The largest section of any angling catalogue is the section devoted to gadgets; clippers, retractors, magnifiers, fly boxes, and the like. Every year there are several new 'must have' gadgets that will make the anglers life easier. To accommodate all these must have items fly vests now have so many pockets am surprised that someone has not invented some type of electronic device to tell the angler what is in each pocket. By the time the angler looks through each pocket to find the item they are looking for it's likely they have either forgotten what they were looking for, or they no longer need it.

New Vest?

Of course no fly fishing catalogue would be complete without several pages of flies. Although you will find some flies that are always listed, like the Royal Coachman, and the Adams there are always several pages of new or improved patterns. I am always amazed to notice that these new and/or improved patterns rarely show up in the next catalogue. It always seems that some newer or more improved model has replaced them. In the world of high-tech modern fly-fishing nothing is new for long.

One other thing that is constantly changing in sporting goods catalogues, and especially in those dedicated to fly-fishing stuff is the price. All this new gadgetry is expensive. A vest with enough pockets to handle all the paraphernalia will set you back at least a hundred dollars, and by the time you buy all the fly boxes, clippers, hemostats, and other essential items you have dropped enough to make a good down payment on a car. Now you still have to buy a rod, reel, line, leaders, tippets, flies, waders, rain jacket, sunglasses, and hat. It you are thinking about buying a boat and trailer you had best make a trip to your friendly banker. I hope you have good credit.

Perhaps I am just an old curmudgeon, but I still find that much of the old stuff still works just fine, and most of it is a lot less complex. I have several old fiberglass rods with metal reel seats that still cast a fly just as good as they did 30 years ago when they were new. All of my fly reels are single action models, with no fancy drag systems, but they still perform flawlessly after all these years. I like simple fur and feather flies, and most of the patterns I have in my boxes are old reliable flies that have been around for many, many years. Day in and day out they seem to allow me to catch as many fish as the guys with all the newest creations.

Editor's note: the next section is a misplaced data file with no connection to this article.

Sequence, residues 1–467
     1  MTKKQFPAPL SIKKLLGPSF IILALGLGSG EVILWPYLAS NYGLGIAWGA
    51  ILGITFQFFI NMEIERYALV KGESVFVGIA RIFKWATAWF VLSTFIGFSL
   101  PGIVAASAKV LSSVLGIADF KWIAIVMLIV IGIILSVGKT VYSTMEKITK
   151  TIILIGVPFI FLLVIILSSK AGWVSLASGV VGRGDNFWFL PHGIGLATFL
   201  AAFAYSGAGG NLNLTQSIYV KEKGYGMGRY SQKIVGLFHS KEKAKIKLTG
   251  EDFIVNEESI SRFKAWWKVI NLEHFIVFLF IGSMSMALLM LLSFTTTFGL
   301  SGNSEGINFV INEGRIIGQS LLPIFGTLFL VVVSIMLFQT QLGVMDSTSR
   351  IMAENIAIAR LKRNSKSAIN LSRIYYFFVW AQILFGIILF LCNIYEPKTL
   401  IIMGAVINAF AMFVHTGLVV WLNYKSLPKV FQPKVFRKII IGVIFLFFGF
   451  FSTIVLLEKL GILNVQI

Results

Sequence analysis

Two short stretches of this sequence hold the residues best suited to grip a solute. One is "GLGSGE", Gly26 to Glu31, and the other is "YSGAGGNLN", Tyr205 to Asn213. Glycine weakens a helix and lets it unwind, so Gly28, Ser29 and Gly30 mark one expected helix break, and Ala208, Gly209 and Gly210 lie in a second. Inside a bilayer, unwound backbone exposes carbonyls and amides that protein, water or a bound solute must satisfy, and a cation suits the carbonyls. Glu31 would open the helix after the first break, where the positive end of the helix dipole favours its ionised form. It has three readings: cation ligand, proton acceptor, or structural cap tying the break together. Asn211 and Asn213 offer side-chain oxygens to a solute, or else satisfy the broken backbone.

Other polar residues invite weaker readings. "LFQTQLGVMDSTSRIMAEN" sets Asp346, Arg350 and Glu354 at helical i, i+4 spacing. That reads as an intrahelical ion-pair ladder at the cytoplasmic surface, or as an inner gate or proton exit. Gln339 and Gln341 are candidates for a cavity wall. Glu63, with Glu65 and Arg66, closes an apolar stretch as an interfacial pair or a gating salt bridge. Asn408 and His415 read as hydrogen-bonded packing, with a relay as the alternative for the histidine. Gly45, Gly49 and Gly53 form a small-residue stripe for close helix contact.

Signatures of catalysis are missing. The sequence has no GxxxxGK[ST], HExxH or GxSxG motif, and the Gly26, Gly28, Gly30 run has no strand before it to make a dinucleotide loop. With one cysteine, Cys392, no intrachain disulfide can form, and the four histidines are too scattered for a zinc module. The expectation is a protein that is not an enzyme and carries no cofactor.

Perhaps it's the results of growing old, but what always seemed to be so simple has now become so complicated. Walton said that angling was a contemplative sport, but today it seems to be the complicated one. From the waders on you feet to the vest on your back everything is high tech, new and improved, and just a bit more pricey than last year, and somehow it doesn't seem to last as long.

Well, I like to look at the sporting goods catalogues, but I rarely purchase any of their offerings. My rods are not the latest models, but they still cast my fly line. My old fly vest isn't made of the newest high tech material, the zippers stick, and it only has about 10 pockets, but it holds all the things I need for a day on the stream. Despite the fact that I have very few of the latest gadgets I still manage to catch a few trout, and in the final analysis I think that's what it's all about. ~ Neil M. Travis, Montana/Arizona